LF: Now, don’t sulk. And don’t think you’re going to get around it by slamming balls over the net. Back to the subject: the so-called morality of fiction—a subject in which, by the way, I have little interest—has nothing at all to do with finding or not finding one’s voice. (And please note: I do not use the term “narrative voice,” which is idiotic. As opposed to what?) Questions of race and class are, in fact, central to Home Ground, although it is decidedly not a political novel. I detest political or “protest” novels. Apart from everything else, including the fact that trying to teach or persuade the reader is a crime, they tend to have the opposite of the intended effect.

TC: You received a lot of attention and flack for your book of essays, Reading, Writing, and Leaving Home, and perhaps mostly for your essay on the enterprise of the Creative Writing degree programs, “Doing Time.” I was struck by how many in the academic and publishing field claimed that Freed was biting the hand that feeds her. Does it surprise you how many people misread that essay if they feel that is the summation? Or are we an industry full of fakes? (There is a book out there now wherein a French philosopher guides us on how to not read books but get away with it as if we had.) In another essay in the collection, you yourself write: “The page will reveal the fake even when the writer is moving herself to tears.”

LF: I wasn’t the least surprised by the reaction to that essay; I predicted it. I told the editor who asked me to write it, “You’re asking me to put a rope around my neck.” Still, if I’m going to write a thing, I’m going to try to tell the truth, at least as I know it. I did, by the way, receive far more praise than blame for that essay, dozens of letters and emails from writers and teachers, and a surprising number from students, my own and others’. This I considered quite brave. As to the book itself, it is in use as a text in any number of universities—not only in their writing programs, but also in acting departments. And friends’ mothers like it, which I always take as the highest praise. The book friends’ mothers like best is The Mirror, a novel about a fierce mother. So there.

TC: Your first published novel was called Heart Change and then re-titled Friends of the Family. This brings up the question about titles. I confess to never really cottoning to your titles, with the exception of The Curse of the Appropriate Man. Can you run us through your books and tell us which were titled by you and which were not?

LF: My title for Heart Change was Second Opinion, which New American Library thought sounded like a medical text. After much binding in the marsh, I was driven to the wall and I agreed to Heart Change which, in my accent, somehow sounds like Hard Change to Americans, and which (the title) I detested from the start. When it came to be republished I came up with Friends of the Family, which is about as innocuous a title as one can think of. I’m useless on titles.The history of the title for The Bungalow is detailed in one of my essays, “False Starts.” Home Ground, which I love, was there before I began writing: although there are what seem like dozens of Home Grounds out there (titles are not subject to copyright). Home Ground, the metaphor, is at the heart of the book. The Mirror was first a short story by that title, apt I thought. And House of Women I can’t remember coming up with. Reading, Writing and Leaving Home was mine, adored by the editor, who added the subtitle. But, in general, I’d be a failure on Madison Avenue, or whatever is the contemporary equivalent as a locus for the advertising industry; I can’t think up titles and don’t tend to buy books by them, or by their covers. In this I am, I know, in the minority. The only book I ever remember buying because of its title was Fear of Flying, which I thought was about just that, even though I don’t fear flying myself. I was entirely delighted with what I found. But that was the 70s.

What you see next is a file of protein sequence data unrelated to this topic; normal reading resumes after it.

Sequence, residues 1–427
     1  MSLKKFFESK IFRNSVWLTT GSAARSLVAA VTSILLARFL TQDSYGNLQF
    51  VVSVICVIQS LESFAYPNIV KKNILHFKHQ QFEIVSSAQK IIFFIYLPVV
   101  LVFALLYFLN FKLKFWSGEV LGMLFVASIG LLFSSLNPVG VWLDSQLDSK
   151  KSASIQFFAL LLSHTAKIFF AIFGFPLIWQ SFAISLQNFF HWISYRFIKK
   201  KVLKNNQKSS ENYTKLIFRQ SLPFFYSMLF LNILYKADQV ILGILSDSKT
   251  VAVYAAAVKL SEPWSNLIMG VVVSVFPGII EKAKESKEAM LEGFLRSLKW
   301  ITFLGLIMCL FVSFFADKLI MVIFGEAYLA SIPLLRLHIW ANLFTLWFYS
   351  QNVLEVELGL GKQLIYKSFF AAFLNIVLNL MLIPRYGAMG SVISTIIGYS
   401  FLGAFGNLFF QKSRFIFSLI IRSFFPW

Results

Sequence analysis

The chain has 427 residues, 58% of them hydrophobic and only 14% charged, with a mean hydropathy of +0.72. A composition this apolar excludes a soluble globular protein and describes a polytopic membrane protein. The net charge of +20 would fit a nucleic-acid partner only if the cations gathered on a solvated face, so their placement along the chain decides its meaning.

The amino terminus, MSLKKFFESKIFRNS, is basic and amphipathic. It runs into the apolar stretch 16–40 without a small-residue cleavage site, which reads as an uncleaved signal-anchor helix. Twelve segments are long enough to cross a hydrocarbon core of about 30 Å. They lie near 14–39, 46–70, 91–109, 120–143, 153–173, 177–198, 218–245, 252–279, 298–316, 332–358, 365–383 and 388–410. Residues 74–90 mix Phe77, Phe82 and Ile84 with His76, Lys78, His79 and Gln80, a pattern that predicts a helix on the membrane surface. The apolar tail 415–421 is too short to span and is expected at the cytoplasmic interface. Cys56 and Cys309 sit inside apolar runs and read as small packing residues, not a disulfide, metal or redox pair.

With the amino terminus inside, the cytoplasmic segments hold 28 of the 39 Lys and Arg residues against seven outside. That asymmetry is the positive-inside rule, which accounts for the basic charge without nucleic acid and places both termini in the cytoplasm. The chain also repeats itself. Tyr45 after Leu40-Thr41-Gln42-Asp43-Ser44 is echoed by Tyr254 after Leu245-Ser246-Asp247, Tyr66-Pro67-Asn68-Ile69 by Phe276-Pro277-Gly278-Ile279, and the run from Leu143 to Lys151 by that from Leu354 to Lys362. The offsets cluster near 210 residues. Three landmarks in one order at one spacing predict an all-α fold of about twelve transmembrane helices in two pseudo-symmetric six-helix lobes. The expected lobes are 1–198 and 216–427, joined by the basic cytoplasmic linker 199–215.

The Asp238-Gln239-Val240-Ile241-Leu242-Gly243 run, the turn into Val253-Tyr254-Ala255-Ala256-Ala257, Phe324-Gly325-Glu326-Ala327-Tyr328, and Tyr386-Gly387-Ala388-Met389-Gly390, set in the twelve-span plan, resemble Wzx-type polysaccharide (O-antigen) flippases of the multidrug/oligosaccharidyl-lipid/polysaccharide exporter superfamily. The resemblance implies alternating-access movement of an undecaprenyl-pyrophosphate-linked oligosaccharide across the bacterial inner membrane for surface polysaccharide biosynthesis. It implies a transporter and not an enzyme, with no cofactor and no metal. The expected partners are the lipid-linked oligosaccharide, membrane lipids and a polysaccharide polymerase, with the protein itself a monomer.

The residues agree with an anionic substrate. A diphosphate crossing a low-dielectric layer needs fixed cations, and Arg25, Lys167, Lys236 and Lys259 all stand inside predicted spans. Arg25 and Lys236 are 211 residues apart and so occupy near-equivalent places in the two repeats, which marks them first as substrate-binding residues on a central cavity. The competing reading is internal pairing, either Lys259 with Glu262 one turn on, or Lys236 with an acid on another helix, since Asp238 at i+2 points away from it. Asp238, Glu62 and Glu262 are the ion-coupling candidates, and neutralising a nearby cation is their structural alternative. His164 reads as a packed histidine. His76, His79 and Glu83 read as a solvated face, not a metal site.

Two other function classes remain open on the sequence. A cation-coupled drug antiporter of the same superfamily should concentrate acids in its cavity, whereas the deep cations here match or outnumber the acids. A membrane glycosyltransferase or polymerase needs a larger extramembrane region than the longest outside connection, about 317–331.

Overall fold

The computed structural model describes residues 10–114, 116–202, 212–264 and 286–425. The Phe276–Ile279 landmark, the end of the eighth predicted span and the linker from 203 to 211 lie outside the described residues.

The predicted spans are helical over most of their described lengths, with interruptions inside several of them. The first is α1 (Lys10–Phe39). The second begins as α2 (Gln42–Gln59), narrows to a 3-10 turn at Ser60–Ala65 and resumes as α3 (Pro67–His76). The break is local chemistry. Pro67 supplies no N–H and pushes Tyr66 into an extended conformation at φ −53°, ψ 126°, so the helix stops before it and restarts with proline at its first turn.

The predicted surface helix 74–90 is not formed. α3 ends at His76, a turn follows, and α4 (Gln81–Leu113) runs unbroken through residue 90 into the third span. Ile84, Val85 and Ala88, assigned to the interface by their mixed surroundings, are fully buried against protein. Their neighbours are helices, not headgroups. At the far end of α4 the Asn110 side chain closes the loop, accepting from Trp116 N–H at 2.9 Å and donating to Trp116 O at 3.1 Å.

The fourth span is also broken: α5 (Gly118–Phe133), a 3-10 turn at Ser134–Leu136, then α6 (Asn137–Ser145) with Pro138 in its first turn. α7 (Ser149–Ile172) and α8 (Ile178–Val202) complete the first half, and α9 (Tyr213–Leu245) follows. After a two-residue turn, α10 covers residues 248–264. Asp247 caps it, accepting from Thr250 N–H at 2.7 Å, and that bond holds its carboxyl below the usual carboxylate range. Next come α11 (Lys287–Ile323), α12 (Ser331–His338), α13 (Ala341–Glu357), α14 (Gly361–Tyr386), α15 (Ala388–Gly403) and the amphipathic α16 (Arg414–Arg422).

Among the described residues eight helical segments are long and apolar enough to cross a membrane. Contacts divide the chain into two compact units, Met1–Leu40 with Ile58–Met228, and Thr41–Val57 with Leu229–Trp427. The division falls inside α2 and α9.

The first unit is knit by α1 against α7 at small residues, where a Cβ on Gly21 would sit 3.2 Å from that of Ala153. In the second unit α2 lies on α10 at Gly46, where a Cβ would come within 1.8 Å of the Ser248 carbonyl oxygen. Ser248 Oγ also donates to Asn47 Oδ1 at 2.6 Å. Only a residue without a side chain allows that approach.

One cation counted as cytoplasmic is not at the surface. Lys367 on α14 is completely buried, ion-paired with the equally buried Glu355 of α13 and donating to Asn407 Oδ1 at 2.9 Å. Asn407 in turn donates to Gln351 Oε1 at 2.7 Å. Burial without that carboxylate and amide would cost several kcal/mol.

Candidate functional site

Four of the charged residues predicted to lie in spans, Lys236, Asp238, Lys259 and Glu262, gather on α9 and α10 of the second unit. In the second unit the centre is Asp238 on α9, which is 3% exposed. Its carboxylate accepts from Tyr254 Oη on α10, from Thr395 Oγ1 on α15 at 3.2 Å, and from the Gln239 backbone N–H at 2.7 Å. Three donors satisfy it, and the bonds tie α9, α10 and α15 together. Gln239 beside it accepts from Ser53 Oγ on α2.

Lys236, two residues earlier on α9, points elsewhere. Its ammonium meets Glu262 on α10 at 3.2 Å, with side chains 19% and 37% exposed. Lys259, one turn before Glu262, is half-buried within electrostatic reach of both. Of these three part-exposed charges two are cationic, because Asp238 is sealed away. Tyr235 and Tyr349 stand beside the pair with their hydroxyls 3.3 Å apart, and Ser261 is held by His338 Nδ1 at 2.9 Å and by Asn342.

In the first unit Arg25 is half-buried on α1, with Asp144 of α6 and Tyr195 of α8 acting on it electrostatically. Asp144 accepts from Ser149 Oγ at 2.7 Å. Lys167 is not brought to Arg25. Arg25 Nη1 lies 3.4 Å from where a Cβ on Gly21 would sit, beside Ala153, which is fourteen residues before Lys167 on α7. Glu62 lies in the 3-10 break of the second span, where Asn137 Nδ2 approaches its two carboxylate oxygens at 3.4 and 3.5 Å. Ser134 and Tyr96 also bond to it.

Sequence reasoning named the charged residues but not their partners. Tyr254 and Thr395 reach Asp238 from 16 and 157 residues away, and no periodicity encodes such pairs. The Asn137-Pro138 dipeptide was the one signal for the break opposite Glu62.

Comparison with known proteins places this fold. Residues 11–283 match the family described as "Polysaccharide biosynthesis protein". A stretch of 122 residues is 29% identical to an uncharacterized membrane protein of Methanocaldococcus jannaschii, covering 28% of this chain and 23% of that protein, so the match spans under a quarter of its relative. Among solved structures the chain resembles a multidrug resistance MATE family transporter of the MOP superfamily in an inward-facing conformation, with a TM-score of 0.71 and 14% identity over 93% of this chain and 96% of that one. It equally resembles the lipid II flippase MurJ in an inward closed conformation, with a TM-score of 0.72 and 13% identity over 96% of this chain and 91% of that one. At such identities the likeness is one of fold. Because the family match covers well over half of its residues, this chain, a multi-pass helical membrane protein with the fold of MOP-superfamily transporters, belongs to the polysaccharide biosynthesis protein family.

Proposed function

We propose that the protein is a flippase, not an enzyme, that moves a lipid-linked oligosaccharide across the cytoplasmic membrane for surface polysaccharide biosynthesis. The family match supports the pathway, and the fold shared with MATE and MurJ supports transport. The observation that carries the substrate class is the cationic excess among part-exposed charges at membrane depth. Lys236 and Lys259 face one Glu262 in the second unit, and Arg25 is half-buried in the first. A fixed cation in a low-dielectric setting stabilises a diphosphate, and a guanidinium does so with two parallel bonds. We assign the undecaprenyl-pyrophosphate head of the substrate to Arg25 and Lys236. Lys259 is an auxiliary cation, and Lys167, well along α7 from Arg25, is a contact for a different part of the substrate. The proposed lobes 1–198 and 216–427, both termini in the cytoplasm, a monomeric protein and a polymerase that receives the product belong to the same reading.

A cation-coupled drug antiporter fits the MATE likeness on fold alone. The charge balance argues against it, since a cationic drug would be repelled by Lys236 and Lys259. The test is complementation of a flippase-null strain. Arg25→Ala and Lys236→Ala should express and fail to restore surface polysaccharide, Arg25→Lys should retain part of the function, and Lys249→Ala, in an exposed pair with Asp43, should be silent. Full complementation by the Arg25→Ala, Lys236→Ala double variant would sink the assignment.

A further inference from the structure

TC: I understand you are just putting the finishing touches on a new novel, your first in seven years. Can you talk a bit about this novel along the lines of its essence? Does it have a working title(s)?

LF: Finishing touches? Agh, agh, I only wish. The fact is that writing is more like composing (music) than it is like painting. And so what I’m doing is more like having to change the key, or the pitch of one’s voice here or there, and then having to alter everything theretofore and thereafter in accordance with that. Frankly, I don’t know what I’m doing. (Mind you, I’ve never known what I’m doing; so all this palavering is worth the air it’s breathed into. Or the ether, as the case may be.) As to “essence,” I have no idea what that is in a literary sense. The novel is called The Servants’ Quarters and concerns the relationship between a young Jewish girl and a burned, disfigured RAF pilot. It takes place in South Africa.

TC: What do you want most from travel?

LF: Romance.

TC: What do you want most from a book?

LF: Same.

TC: Lynn Freed’s top three cities are?

LF: Karachi. Johannesburg. Gaza City.

TC: You have never been one to “hold back,” and so false modesty will not be permitted in answering this last question. I said earlier that you are an endlessly quotable writer. I am a reader who loves great lines. In your story collection, The Curse of the Appropriate Man, you write: “There is love and there is desire, I thought, and for all the world they look the same until the desire is spent.” Did you know (as a writer sometimes does) how fantastic that sentence was when it was written? And if not, can you share one of your favorite sentences?

LF: I must admit that I never seem to know it’s a good line until it’s written. And, when it is, I’m glad. But then in come the doubts. Really, I’m delighted to be considered quotable, but, whenever I receive a compliment like yours, I begin to feel the fraud, e.g., was that a fluke? Will I ever be able to do it again? Is everything I’m writing now just rubbish? And the answers are probably yes, no, yes.